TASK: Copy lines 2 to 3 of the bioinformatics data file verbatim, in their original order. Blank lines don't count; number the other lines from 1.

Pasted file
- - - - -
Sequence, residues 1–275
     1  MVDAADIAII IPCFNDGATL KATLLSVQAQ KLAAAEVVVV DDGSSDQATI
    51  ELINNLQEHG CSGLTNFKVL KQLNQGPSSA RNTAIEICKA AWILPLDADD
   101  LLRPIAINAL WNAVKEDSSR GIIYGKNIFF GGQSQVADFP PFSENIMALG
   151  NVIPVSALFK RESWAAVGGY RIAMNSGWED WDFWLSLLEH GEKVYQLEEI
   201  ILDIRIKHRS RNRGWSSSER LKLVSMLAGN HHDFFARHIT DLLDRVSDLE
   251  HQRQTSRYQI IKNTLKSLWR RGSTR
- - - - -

     1  MVDAADIAII IPCFNDGATL KATLLSVQAQ KLAAAEVVVV DDGSSDQATI
    51  ELINNLQEHG CSGLTNFKVL KQLNQGPSSA RNTAIEICKA AWILPLDADD